Re-varnishing of a 1963 Conde Hermanos Flamenco guitar

Conde Hermanos guitars are played by numerous famous flamenco guitarists such as Paco de Lucia or Oscar Herreo…, but also by guitarists such as Al Di Meola, Bob Dylan etc. This particular instrument was made by Faustino Conde in 1963 in Madrid.

    Conde hermanos face avant retaillée détourée

    Conde Hermanos, Madrid 1963.

      Some history

      Domingo Esteso founded his company in Madrid in 1915 where he trained his nephews Faustino and Mario Conde. After the death of Domingo Esteso in 1937, the three brothers continued his legacy under the name ‘Vidua y Sobrinos de Esteso’ (the widow and nephew Esteso) until around 1960. Today Felipe and Mariano Code (sons of Mariano Conde) have taken on the company and have re-named it Conde Hermanos – Sucesores Sobrinos de Esteso.

      étiquette retailé

      Etiquette Conde Hermanos.

    Several things to look at:

    • Full shellac French polish re-finish.
    • Restoration of the fingerboard.
    • Re-fretting.
    • An ugly orange cellulose lacquer was covering this ‘beautiful Spanish lady’ so I chose to remove it and re-place it with a shellac finish to bring out the tonal potential of the guitar.

      What is a French polish ?

      French polishing is technique which allows a very thin, transparent and lustrous coat of finish over a meticulously prepared surface. This finish which brings out the beauty of the wood grain is composed of natural resins. Shellac is the principal component and comes from India. It is made from the secretions of the lac beetle which are melted down, refined, filtered and broken into flakes to create its form known as shellac.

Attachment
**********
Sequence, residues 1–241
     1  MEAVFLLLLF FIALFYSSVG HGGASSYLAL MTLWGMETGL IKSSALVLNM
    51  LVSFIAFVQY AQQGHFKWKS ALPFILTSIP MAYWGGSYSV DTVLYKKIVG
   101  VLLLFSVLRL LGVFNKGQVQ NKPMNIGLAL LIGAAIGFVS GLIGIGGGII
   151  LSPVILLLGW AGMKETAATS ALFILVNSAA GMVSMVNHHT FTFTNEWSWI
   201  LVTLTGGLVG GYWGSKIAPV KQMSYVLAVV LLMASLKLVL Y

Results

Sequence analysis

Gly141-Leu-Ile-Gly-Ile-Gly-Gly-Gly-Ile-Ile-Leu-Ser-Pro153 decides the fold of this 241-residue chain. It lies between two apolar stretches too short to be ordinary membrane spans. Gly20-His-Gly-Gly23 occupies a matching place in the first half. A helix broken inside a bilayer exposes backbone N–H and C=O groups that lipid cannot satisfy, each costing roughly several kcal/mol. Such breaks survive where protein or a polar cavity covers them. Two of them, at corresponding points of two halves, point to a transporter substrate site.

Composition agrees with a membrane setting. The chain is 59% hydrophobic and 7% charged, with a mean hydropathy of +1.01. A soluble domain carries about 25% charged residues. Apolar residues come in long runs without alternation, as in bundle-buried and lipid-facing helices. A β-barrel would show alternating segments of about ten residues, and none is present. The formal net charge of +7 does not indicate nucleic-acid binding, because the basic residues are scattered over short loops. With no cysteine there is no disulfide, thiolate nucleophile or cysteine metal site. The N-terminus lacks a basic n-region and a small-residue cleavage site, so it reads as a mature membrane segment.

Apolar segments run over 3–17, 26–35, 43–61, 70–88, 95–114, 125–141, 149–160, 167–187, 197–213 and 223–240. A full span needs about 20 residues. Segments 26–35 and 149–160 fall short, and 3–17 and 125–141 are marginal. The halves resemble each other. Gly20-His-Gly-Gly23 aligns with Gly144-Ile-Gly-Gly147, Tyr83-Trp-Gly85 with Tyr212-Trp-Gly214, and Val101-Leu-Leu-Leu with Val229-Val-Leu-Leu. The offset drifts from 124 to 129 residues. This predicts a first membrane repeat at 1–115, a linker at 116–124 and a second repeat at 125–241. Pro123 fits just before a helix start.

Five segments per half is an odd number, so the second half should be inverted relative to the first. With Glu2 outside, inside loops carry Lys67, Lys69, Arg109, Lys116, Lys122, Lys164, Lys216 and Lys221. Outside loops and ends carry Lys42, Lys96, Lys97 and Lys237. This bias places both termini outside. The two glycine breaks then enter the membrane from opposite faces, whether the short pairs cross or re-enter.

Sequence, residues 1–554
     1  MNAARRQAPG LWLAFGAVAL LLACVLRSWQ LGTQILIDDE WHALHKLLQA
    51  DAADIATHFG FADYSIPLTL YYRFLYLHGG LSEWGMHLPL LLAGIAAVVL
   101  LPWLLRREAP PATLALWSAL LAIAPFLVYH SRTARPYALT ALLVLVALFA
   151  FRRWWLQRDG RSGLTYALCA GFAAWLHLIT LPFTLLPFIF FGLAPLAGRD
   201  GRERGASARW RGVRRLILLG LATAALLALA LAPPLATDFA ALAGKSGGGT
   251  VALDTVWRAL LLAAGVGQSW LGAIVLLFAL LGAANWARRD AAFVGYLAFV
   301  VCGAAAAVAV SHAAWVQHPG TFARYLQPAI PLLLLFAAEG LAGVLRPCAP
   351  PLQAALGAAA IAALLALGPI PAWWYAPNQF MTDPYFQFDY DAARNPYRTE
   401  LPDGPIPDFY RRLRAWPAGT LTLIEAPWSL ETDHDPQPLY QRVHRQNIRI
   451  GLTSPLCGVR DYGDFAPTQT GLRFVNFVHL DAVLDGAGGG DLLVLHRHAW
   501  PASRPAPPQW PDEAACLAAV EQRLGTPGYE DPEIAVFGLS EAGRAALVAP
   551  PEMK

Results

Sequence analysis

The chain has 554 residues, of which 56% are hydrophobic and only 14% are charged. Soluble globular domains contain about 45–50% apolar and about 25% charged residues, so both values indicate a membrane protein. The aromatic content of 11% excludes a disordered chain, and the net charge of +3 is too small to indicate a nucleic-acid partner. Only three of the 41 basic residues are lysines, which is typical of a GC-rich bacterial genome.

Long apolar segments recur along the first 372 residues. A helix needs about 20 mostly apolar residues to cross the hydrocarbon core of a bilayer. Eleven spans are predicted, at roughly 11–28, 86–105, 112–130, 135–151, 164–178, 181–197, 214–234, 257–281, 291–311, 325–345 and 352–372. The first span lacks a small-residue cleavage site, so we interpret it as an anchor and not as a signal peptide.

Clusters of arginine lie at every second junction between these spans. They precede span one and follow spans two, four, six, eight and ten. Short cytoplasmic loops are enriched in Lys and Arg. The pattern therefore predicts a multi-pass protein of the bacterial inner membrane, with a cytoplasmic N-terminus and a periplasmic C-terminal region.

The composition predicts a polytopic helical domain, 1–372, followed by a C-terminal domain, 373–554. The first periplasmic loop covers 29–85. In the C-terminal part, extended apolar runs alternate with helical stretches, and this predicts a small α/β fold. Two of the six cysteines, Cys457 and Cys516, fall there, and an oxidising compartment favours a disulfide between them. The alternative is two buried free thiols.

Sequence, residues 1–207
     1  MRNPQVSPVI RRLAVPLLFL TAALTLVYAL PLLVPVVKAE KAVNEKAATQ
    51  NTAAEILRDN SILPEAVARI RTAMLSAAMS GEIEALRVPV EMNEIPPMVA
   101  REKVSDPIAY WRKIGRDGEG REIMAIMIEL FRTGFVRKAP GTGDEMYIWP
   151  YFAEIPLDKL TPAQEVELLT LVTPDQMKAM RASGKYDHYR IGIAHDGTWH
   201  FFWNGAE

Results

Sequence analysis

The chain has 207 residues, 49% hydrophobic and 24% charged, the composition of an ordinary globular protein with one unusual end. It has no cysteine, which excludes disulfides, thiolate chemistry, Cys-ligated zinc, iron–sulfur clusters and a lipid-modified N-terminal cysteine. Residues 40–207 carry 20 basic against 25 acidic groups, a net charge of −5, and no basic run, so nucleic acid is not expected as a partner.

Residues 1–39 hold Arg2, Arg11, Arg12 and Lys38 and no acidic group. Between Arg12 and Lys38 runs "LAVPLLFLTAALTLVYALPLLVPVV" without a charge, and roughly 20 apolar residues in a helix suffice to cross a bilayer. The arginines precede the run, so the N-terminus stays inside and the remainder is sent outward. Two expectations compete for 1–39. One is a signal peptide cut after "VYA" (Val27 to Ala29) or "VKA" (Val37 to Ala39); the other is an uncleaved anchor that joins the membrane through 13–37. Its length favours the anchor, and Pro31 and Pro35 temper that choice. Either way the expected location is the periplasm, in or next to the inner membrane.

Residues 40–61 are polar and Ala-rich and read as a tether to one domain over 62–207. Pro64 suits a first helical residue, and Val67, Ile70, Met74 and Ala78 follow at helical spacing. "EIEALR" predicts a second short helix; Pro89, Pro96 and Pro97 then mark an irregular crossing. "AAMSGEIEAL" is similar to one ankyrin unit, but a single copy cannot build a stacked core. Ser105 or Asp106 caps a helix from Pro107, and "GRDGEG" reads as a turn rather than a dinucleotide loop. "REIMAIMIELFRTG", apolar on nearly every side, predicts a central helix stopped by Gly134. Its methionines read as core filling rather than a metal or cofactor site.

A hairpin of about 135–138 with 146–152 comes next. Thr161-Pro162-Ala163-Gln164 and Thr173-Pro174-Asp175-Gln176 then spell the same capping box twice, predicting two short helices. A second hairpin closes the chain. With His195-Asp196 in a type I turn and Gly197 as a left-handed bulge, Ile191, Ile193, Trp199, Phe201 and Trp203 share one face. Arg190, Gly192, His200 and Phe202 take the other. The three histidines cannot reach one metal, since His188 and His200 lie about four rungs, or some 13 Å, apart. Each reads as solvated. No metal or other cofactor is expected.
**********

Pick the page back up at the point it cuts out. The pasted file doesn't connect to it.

Gomme laque en paillettes.

        The steps of a re-finish :

        • Stripping the old varnish.
        • Repairing dents and scratches.
        • Preparation of the surface: Pore filling.
        • Varnish.
        • Polishing.
        • Stripping the old lacquer :

          In this first step, great care is needed. To remove the old varnish while preserving the integrity of the instrument is fastidious work. A heavy sanding would weaken the structure and damage this historical guitar.

        ponçage retaillé

        Ponçage de la caisse.

        Repairing dents and scratches: :

        Once the old varnish has been removed there remain several dents and impact marks on the top. They have to be filled with tiny pieces of wood. They are chosen from spruce stock that closely resembles that of the top.

          impacte retaillé

          Le petit impact sur la table et le morceau d’épicéa à gauche. Une pièce de 20 cts donne l’échelle.

          Preparation of the wood: pore filling.

          Certain species of wood such as rosewoods are porous. In order to obtain a perfectly flat and smooth finished surface it is firstly necessary to fill the pores of the wood. This is the pore filling process. I do this the traditional way using a cloth soaked in alcohol and pumice powder.

        pierre ponce retaillé

        La tête est saupoudrée de pierre ponce en poudre.  

          Using small circular movements, the pumice powder polishes the wood and creates a paste with the alcohol that progressively fills the pores.

            bouche-pores retaillé

            Bouche-pores de la tête.

            The French Polish :

            The French polishing proper can start in earnest. It is a long process comprising of up to 30 coats spread over two months. It requires considerable experience, and rigor to achieve a perfect finish.

          vernissage tampon retaillé

          Vernissage au tampon.  

          After a week of applying two coats a day the varnish is very finely polished. I obtain an ‘iced’ matte surface. Several more weeks of alternating varnish, flattening and drying periods are called for to achieve the impressive gloss and depth of a French polish.

          Sylvain BALESTRIERI